“To live is the rarest thing in the world. Most people exist, that is all.” – Oscar Wilde
Three years ago freelance writer Greg Bruce considered himself one of those people, existing yet not really living.
Growing up Greg had always felt shy. In social situations, he’d retreat into himself while secretly admiring those who were able to hold a captive audience through their conversational prowess.
Over the years Greg tried all manner of self-help books and even tried counselling without success. On reflection he believes, ‘you’ve got to be able to make the leap to counselling, and at that time maybe I just wasn’t ready enough.’
Greg was innately aware his perceived shortcomings were holding him back in many aspects of his life and he was starting to feel depressed. His feelings of depression further affected his ability to interact with others. It was a vicious cycle.
Three years ago was a defining point in Greg’s life because he had met a wonderful woman and they were engaged to be married. However, by now his sense of social awkwardness was beginning to affect their relationship.
Greg recalls being sceptical about going back to counselling. It hadn’t helped him in the past, and at the back of his mind was this ingrained belief, ‘I should be able to work this out myself’.
With marriage on the horizon Greg reached the point where he realised there was a lot at stake if he didn’t take action. So with the gentle encouragement of his fiancée, Greg decided to give counselling another go.
Greg reached out to Home and Family Counselling. The donation-based aspect of the service was a definite attraction, something for which he remains very grateful.
Sharing the burden
The counsellor Greg saw was a perfect fit for him. He describes feeling safe and comfortable with her right from the start. ‘She had the tools to help me but, first and foremost, she was gentle. That was the great thing about her, I felt like I’d found a kindred spirit and she was able to unlock an understanding of the world for me.’
Greg describes leaving his counselling sessions, ‘in a mix of emotions, but always aware that some burden had been left behind by being shared’.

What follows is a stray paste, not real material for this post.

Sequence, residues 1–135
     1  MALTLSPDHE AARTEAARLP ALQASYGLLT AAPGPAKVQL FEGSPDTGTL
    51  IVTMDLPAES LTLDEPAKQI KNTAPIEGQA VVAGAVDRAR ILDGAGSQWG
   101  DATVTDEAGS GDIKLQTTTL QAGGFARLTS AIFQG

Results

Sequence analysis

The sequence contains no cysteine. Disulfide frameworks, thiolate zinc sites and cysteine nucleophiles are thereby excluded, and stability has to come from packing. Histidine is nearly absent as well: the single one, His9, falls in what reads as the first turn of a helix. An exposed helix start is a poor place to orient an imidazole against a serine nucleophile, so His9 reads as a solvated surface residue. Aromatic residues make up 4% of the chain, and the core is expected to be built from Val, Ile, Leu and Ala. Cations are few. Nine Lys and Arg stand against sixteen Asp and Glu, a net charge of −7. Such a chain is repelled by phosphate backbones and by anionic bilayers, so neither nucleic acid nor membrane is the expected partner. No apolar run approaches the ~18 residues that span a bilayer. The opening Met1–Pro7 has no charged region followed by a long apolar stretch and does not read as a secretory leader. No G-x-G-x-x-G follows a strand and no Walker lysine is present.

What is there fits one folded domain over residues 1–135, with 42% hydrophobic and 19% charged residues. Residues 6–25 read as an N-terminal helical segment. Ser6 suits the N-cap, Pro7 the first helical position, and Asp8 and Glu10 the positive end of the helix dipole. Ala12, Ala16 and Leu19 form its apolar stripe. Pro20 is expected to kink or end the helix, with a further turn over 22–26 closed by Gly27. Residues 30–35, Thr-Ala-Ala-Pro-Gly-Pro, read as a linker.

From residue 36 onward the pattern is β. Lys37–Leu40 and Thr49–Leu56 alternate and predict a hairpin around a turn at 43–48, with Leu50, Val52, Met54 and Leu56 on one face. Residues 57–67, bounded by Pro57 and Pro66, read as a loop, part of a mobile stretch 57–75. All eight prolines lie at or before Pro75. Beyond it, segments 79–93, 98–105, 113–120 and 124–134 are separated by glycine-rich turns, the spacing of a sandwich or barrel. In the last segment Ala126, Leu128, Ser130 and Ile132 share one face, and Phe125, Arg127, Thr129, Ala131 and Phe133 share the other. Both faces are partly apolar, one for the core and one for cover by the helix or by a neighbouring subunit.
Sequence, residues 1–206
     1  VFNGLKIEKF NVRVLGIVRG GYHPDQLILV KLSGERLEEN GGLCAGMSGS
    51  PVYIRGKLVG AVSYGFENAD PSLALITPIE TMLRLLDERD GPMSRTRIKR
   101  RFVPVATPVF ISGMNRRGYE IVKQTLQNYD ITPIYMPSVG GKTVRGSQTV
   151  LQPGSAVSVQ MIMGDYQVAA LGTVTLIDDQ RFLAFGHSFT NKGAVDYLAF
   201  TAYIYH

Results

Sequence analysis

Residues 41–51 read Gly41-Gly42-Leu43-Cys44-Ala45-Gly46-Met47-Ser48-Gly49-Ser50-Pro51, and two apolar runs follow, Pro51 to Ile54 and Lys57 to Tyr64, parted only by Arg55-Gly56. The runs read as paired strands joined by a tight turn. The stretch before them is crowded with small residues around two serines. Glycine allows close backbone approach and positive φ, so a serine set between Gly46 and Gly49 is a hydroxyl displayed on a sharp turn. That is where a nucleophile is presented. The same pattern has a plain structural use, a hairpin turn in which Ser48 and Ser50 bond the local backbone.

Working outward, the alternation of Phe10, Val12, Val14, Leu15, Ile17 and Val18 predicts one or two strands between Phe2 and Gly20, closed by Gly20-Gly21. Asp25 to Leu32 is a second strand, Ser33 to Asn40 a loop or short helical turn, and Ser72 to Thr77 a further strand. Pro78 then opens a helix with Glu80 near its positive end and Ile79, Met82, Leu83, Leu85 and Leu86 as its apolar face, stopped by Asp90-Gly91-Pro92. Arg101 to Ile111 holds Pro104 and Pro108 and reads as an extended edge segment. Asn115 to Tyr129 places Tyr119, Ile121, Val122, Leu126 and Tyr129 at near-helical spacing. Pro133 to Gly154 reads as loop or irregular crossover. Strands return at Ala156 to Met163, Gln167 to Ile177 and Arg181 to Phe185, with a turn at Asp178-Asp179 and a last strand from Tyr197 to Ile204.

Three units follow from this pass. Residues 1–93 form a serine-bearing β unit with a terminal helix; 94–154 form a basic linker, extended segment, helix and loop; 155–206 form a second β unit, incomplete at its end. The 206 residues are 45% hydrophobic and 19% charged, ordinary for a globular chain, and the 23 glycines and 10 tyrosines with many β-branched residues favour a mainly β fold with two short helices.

After just a couple of months the counselling came to an end. Looking back, Greg describes the end of counselling as feeling like a new born calf, ‘not entirely sure I could stand on my own two feet, but equipped with strategies and tools to give it a try.’
Looking back, Greg can’t believe how much his life has changed since that last counselling session. He thinks so differently about himself, feels comfortable in social situations and relates to people in a way he never thought he would be able to. Greg has married the woman he loves and their relationship is really strong. Happiness is a big feature in their lives and they now have two lovely young children. ‘I am so grateful to my counsellor for her help. I am living a full life with a partner who makes me happy every day.’
Greg’s message for males
‘It’s tough being a male, we’re taught to be strong and take care of our own problems but, you can’t thrive in life that way. Life can be tough and we men do suffer. It’s not a sign of weakness to go to counselling, it’s actually a sign of strength. To stand up in the face of a society that has long told us that men should behave in a certain way, not talk about their problems and suffer in silence. My advice is, why suffer? Don’t tough it out unnecessarily – counselling help is out there. Finding the right counsellor is as life-changing as finding the right partner in life. You have one shot at life and I’d hate to have reached the end of my life and wonder how it could have been, if only I had been brave enough to try.’